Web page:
And around and around we go. The reason is obvious. Independence, when defined as not needing anyone else, is illusory. Over the course of human history, we have always been interdependent members of communities and societies, assumptions that were a matter of course for most cultures. The illusion of independence is not only a recipe for failure but also actively discourages community building; at its worst, it encourages narcissistic pursuit. Perhaps it was a radical and shiny idea in the 19th century (for a very small and elite group of highly educated men). But we’ve bastardized it, and the results are all around us.
I don’t want to dismiss the American traditions of independence and individualism. There’s something impressive about our work ethic, and it’s far better to teach someone that they have agency than to send them begging. People do have the power to change themselves; I see it every semester. But our ideas have become inflexible, extreme and devoid of context. They manifest in the form of bad loans far more often than they yield industrious youth.
Why? We’ve moved away from grandmother’s wisdom, which is the wisdom of a certain brand of independence and individualism with nuance and insight. The independent individual—one who thinks for him or herself—has a responsibility: they are dependable. They are aware of the consequences of their actions. They take responsibility for their decisions, no matter the result. But they are not alone, and they are not weak or insignificant if they reach out to others, especially those who are wiser.
Our inability to see ourselves as individuals who are interdependent and interconnected to an unfathomable network of human history and interaction damages society and isolates people. These ideas are most isolating to men, especially as they age. We pressure men not merely to do it all alone but to imagine themselves as burdens on others if they need help.
For reasons I don’t think anyone truly understands, women have something, either socialized or genetic, that allows stronger community building. Perhaps men would have this too if we told them, “It’s okay to seek help. It’s okay to depend on others. All successful people do it.”
That’s exactly the part of this narrative that drives me nuts as an educator. When we use examples of self-made men, we present them as icons of independence, men who needed nothing but themselves and their drive or brains or brawn in order to become demi-gods. The facts are completely different. No one succeeds, just as no one fails, entirely on their own. You do not mine your own ore and grow your own lumber. The city you live in was built by the dead. The money you earn was invented. The math you use to solve problems has a history of over two thousand years. What you misunderstand now was also misunderstood long before your parents met.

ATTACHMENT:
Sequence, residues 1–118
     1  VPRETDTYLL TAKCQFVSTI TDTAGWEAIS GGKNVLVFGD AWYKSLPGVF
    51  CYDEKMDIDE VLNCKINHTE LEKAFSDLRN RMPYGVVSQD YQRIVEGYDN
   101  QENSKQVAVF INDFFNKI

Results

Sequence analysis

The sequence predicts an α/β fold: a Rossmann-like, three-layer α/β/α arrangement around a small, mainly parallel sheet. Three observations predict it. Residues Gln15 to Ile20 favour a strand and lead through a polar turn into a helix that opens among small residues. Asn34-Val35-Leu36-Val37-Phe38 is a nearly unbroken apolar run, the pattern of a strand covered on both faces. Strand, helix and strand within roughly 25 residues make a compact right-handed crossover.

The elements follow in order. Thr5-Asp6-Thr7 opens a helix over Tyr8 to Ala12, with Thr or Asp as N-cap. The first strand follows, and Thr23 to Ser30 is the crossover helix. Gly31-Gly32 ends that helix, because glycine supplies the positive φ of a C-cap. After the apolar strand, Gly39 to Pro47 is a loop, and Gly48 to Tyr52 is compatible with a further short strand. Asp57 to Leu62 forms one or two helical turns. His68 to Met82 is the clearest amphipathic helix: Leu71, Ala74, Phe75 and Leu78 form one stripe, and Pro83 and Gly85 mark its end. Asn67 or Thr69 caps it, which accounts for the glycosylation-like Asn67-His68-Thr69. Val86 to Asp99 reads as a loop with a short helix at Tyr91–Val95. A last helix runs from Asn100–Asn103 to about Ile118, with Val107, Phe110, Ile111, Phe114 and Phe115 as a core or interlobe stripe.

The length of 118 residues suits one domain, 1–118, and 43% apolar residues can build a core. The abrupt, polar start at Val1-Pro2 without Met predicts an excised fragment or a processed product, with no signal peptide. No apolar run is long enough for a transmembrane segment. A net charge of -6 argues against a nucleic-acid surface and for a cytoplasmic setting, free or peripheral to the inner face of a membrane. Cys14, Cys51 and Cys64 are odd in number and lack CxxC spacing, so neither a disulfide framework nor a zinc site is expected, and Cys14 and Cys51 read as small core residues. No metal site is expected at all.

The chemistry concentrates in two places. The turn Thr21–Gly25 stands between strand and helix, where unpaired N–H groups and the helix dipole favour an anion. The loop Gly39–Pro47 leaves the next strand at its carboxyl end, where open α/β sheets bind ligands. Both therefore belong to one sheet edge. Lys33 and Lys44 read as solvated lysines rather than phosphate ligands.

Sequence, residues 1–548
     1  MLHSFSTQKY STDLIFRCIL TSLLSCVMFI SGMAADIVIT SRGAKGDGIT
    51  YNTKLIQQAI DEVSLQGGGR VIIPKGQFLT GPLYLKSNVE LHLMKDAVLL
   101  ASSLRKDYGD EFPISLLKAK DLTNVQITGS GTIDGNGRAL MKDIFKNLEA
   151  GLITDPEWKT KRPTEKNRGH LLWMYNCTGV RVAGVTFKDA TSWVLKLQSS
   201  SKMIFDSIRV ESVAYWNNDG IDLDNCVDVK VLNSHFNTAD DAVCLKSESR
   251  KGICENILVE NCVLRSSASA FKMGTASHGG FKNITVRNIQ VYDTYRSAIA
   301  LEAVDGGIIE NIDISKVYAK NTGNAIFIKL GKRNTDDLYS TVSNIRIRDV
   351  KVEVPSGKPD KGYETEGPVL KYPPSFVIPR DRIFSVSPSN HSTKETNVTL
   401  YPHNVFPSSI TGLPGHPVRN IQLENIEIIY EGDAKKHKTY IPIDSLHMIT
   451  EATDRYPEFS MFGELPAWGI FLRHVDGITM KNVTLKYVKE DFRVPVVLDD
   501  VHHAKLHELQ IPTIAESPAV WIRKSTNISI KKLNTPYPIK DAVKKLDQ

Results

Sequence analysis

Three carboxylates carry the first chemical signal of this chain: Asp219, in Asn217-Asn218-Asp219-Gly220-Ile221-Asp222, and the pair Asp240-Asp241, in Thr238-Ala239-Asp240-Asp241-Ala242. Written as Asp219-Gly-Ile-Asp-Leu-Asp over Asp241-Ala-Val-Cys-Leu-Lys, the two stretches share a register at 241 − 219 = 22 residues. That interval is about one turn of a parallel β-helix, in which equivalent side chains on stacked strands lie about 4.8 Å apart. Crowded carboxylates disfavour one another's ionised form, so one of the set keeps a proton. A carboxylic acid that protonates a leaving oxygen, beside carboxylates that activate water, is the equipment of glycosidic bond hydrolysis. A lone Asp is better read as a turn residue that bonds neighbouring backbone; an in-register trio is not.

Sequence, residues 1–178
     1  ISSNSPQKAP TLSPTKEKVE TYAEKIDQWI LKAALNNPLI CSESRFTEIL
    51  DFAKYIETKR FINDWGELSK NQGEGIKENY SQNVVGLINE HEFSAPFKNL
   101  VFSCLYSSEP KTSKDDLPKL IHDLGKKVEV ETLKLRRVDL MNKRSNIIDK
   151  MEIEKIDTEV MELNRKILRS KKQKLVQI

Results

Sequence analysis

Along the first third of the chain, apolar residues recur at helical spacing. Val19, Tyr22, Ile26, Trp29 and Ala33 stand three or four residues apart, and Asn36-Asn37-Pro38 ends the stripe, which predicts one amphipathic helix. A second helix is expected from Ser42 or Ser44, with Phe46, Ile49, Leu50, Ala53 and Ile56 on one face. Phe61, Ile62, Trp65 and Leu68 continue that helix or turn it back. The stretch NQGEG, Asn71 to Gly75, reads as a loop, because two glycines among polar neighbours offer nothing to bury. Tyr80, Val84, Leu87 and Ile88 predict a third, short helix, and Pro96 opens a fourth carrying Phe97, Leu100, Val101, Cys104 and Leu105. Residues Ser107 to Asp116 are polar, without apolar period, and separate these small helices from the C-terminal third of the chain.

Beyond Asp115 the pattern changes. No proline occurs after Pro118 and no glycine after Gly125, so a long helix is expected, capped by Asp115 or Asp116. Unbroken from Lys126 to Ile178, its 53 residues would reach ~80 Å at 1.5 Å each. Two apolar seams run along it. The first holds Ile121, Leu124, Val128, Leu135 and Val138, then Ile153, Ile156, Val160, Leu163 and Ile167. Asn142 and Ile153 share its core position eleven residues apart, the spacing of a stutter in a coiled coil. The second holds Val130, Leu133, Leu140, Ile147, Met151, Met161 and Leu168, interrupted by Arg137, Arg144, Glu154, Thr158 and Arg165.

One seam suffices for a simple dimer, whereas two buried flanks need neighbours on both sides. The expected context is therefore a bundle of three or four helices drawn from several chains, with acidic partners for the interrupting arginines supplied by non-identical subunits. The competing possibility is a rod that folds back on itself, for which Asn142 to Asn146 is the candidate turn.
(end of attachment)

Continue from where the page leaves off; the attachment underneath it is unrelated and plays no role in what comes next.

We can dismiss the history of human development and ideas, but we cannot deny it. We can inflate ourselves to grandiosity, place ourselves above Pythagoras or the Phoenicians if we wish, but hubris like this is the mark of the unwise.
Our culture of megalomania is setting up young people, especially men of the underclasses, for failure, disappointment and isolation. The social consequences are serious. The average students I see coming out of high school or floundering about our college for a few years do not know their intentions are to become unskilled consumers who hope resources never run out. For the vast majority, there is no alternative identity.
While they claim they want independence, they can learn virtually nothing on their own or even in teams. They all have phones that can access any amount of useful information, but when faced with a discussion question like What is money? they will look at each other, ask Do you know? shrug, giggle and give up. If the discussion group is mostly women, they will then chat about something else. If the discussion group is mostly men, they will most often sit in silence or play with their phones. To them, this equals going to college. They understand the concept literally. It means arriving at the building and being there. Someone will tell them what they need to do. Any moment now.
The ironies to all of this are tragic. These young people have not formed these assumptions or behaviors in a vacuum. Perhaps it is naïve or idealistic of me to ask students Why are you here? and hope one time to hear someone say Because I want to learn to be dependable. It’s difficult to blame me with naiveté when dependability is exactly what society, at least in the job market, expects from them. That’s the same society that fails to model that behavior or impart the lesson.
Photo by Karl-Ludwig G. Poggerman
True Community runs each Wednesday. Gint Aras explores his experiences as an instructor in a community college that serves a lower-middle to lower class district in Chicagoland.